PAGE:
A butterfly on the brink of extinction in Kent has seen it's population more than treble across the county thanks to a decade of conservation work to turn it's fortunes around.

The Duke of Burgundy has declined by 40 percent across the UK since the 1970s and in 2008 was hanging on at just four sites in Kent, a former stronghold.

But a decade later the number of breeding colonies across the county has risen to 13 and the number of Dukes seen on any one day at these sites has increased from 32 to 140 butterflies.

Chair of Butterfly Conservation’s Kent Branch, Nathan Jones, said: “This amazing turn-around started ten years ago when Butterfly Conservation, in partnership with Forestry Commission England, secured funding for a three-year project to create new butterfly habitat and improve woodland management at several sites.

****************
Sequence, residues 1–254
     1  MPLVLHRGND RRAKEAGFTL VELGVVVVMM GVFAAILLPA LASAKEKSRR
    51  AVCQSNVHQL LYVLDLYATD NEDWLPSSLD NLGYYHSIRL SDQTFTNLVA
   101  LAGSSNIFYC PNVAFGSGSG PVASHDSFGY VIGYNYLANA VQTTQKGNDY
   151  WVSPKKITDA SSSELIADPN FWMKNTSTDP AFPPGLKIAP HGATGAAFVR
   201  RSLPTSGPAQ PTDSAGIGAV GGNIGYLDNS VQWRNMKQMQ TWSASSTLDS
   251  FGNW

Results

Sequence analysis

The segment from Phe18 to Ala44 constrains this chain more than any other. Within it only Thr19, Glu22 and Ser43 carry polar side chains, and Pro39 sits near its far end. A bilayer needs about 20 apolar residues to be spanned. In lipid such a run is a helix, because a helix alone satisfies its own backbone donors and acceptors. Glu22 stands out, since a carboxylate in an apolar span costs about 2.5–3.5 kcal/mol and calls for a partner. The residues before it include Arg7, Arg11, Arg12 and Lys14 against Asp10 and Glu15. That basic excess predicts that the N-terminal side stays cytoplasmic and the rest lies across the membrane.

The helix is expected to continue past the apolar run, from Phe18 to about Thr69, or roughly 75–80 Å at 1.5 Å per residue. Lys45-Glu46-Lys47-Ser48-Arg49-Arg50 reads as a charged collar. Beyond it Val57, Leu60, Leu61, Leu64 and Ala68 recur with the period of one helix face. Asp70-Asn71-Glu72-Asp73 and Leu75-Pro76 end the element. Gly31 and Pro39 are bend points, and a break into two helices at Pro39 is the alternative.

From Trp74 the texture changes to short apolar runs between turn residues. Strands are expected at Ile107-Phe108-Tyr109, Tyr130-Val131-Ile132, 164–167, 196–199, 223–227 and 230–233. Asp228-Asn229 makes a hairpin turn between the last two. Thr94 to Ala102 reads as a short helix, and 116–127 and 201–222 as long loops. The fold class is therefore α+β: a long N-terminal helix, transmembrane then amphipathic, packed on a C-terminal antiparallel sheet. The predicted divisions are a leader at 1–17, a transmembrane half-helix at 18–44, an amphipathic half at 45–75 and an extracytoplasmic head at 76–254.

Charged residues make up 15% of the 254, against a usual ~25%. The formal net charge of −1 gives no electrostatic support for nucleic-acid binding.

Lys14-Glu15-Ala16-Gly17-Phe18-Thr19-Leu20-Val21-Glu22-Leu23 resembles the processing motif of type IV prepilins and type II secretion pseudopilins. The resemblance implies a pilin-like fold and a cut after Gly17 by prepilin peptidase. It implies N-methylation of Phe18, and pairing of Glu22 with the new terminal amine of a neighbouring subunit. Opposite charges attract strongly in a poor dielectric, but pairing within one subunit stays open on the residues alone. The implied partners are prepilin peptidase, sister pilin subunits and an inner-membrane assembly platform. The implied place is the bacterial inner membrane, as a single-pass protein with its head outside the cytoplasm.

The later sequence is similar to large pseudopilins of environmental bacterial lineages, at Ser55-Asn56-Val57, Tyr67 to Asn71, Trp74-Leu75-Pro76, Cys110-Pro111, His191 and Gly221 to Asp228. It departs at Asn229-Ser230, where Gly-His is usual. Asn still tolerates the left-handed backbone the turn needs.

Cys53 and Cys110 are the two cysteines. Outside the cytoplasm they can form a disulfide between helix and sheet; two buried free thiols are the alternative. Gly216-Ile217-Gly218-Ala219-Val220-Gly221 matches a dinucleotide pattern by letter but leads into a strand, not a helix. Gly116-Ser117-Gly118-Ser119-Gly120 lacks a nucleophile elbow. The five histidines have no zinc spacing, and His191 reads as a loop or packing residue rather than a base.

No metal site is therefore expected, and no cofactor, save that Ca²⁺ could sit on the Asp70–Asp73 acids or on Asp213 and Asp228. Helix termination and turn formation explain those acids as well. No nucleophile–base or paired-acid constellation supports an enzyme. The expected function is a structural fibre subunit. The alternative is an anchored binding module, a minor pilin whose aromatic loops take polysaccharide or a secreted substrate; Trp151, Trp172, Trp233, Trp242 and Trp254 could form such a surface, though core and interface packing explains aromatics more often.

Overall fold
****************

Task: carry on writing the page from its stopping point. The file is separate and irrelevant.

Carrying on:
“When that ended in 2011, the work was kept going thanks to the ‘Duke Guardians’ volunteer network and a Natural England scheme to create new flower-rich grasslands specifically for the Duke of Burgundy.

“Without these efforts, the butterfly would not be here today - certainly not in the numbers we now enjoy across Kent.”